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What are the users of gray code?

  1. Sep 21, 2009 #1
    what are the users of gray code? (prctical aplications)
     
  2. jcsd
  3. Sep 21, 2009 #2

    mgb_phys

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    For testing wether students listened in the lecture or have read the text book?
     
  4. Sep 21, 2009 #3
    what are you saying.

    Most books on digital design & lecturers discuss Gray codes. However, most of the
    focus is on generating these codes, rather than detailing their uses.

    I read the Wikipedia article: http://en.wikipedia.org/wiki/Gray_code,
    but it doesn't provide enough in-depth information of the uses of Gray
    code in hardware.
     
  5. Sep 21, 2009 #4

    berkeman

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    mgb was kidding a bit, but not too far off the mark. I've only seen one practical application of Gray codes, and that's in Karnaugh mapping logic functions. There are probably applications in communication theory as well.
     
  6. Sep 21, 2009 #5

    chroot

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    It's used everywhere, actually. The most common use is to avoid glitches in fully asynchronous circuits, like async FIFOs. Incrementing a gray-code value involves only a single bit change, so there is no possibility of glitching several bits at once. Multiple-bit glitches in a circuit like an async FIFO can cause the status flags (full, empty, etc.) to be momentarily invalid, and that can lead to all kinds of problems.

    - Warren
     
  7. Sep 21, 2009 #6

    mgb_phys

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    Assuming this is a homework question then typing gray code into wiki/google will give some examples.
    Posting here then asking 'so why are gray codes used with an angle encoder' is reasonable. Asking 'what are gray codes for' without doing this is not.
     
  8. Oct 1, 2009 #7
    In my job, I use a lot of shaft encoders. There are 2 basic types of shaft encoders: incremental and absolute (there are also resolvers, which differ slightly in their implementation). For the sake of simplicity (and trying to stick to the point of the question), I'll use absolute encoders as my example. So from this point, on, when I mention an "encoder," I'll actually be referring to an "absolute encoder."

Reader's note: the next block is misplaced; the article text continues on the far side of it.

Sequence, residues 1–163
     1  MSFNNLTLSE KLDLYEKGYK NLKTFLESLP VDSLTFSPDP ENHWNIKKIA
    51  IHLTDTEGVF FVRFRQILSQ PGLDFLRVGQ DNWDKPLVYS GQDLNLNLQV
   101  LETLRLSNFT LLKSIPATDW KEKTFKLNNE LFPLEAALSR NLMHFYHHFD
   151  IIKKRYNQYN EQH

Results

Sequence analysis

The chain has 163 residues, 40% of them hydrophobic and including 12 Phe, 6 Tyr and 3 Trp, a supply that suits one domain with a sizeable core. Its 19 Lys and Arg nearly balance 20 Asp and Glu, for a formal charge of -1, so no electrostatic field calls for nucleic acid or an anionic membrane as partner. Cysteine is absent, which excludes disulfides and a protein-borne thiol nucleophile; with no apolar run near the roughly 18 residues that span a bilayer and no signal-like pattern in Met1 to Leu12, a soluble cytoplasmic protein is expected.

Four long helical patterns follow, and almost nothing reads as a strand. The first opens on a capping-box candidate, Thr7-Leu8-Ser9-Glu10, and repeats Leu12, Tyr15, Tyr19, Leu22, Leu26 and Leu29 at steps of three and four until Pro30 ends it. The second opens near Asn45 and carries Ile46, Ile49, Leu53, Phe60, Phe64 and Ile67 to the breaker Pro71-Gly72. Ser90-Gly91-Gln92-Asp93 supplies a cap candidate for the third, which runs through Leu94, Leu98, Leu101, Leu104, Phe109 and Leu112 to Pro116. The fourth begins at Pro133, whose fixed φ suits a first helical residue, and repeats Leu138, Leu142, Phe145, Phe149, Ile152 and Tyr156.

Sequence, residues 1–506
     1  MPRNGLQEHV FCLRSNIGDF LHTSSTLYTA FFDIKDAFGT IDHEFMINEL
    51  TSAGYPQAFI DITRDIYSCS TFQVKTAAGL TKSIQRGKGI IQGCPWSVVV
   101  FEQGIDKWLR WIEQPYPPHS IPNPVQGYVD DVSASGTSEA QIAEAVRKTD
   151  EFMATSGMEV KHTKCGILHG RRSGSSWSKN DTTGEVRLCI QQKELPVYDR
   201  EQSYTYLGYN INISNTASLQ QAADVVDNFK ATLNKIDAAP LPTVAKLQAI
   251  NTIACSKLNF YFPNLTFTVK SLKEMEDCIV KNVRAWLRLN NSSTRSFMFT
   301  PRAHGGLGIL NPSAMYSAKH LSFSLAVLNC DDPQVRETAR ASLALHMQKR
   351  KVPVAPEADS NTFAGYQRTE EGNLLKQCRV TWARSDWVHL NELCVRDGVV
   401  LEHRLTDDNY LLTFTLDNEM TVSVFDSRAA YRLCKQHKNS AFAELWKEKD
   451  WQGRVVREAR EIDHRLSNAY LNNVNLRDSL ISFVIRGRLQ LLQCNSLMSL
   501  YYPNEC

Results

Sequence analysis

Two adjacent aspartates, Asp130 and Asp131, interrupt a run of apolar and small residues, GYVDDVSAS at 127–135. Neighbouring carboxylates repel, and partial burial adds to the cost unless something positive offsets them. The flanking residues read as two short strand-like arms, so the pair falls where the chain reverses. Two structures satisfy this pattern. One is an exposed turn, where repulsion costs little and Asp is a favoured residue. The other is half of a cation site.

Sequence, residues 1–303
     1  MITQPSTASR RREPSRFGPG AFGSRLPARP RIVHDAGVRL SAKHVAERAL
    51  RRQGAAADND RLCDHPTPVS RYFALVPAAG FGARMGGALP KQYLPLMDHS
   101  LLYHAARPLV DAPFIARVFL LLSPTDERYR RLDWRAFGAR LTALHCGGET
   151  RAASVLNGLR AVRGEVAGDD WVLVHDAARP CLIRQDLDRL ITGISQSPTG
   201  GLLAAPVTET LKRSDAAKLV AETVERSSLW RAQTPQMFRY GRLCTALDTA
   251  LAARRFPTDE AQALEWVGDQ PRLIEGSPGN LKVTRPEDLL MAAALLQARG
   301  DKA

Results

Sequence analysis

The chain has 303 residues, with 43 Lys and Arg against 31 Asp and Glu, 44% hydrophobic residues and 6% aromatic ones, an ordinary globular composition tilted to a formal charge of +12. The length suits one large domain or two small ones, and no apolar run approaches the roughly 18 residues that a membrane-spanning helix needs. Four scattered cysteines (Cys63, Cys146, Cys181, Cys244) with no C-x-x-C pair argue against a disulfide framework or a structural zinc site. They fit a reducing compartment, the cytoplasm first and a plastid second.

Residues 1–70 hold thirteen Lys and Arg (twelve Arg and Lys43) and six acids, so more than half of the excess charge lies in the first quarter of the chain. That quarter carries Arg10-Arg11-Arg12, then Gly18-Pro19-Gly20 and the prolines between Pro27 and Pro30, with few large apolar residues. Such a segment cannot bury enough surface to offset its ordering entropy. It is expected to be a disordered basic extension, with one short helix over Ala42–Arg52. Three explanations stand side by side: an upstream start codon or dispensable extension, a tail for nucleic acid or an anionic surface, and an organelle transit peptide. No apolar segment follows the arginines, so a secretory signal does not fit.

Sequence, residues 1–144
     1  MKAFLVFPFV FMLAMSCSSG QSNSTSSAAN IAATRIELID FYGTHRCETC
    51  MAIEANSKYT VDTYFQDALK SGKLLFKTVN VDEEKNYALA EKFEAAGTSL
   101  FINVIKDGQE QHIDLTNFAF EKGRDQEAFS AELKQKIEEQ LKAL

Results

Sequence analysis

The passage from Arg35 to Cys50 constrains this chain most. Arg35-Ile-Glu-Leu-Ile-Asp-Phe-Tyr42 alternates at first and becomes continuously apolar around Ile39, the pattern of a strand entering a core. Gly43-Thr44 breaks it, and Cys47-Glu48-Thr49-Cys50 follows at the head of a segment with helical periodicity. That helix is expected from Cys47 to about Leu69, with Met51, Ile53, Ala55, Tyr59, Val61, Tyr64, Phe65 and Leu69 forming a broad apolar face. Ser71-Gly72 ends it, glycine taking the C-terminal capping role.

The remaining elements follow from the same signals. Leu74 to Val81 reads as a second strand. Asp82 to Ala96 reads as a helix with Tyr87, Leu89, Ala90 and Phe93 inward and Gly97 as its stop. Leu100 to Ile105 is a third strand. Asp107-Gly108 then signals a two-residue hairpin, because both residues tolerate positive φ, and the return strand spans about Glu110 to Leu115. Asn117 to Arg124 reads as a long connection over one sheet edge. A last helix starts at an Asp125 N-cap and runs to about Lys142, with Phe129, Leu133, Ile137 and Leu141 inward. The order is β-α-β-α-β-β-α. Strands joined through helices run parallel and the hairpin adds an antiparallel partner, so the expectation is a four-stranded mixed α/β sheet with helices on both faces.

An encoder tells a computer the approximate position of it's input shaft. It does this via the use of a glass disc with several concentric bands of "blacked out" and "non-blacked out" areas. Each band has a photo diode pair (sender and receiver) placed so that the blacked out areas block the photo diode pair as they pass, thus producing 1's and 0's. Each band correlates to 1 bit of a binary number that the encoder produces; the more bands, the more bits, and therefore, more accuracy.

    Imagine an encoder with only one band in which half of the band is blacked out. This would only be able to tell you if the shaft was in the 1st half of rotation, or the 2nd. An encoder with 2 bands would have one band like the one described above, and the other would have 4 sections: 2 blacked out sections opposite each other. If this second band was positioned so that one blacked out section and one clear section aligned with the single blacked out section of the first band, then the encoder would have the capability of producing the following 4 binary numbers: 00, 01, 10, and 11. This encoder would have twice the accuracy of the first encoder and could thus tell the computer it's position to the nearest 90 degrees (rather than 180 degrees, as before).

    The problem with this is that the change from 01 to 10 requires both binary bits to change state at the same time. If the alignment of the photo diodes is not exact, then the possibility exists that the computer could misinterpret the position during this transition. For example, if the encoder is on it's way from 01 to 10, a misaligned photo diode pair may cause the computer to see one bit change before the other. This could cause the computer to "think" that the encoder is at either 11 or 00 (incorrectly) rather than at 10.

    Gray code prevents this from happening by rearranging the binary code so that only one bit changes at a time when transitioning from one "position" to the next. In this example (with 2 bits), the blacked out areas could be placed so that the binary sequence instead becomes 00, 01, 11, 10. Now, slight misalignment doesn't affect the interpretation of the signal produced because now we only expect one bit to change at a time (we're never worried that another bit has to "catch up").

    The more bands (and therefore more bits) that an encoder has, the more potential for this kind of problem exists, thus the need for a gray code.
     
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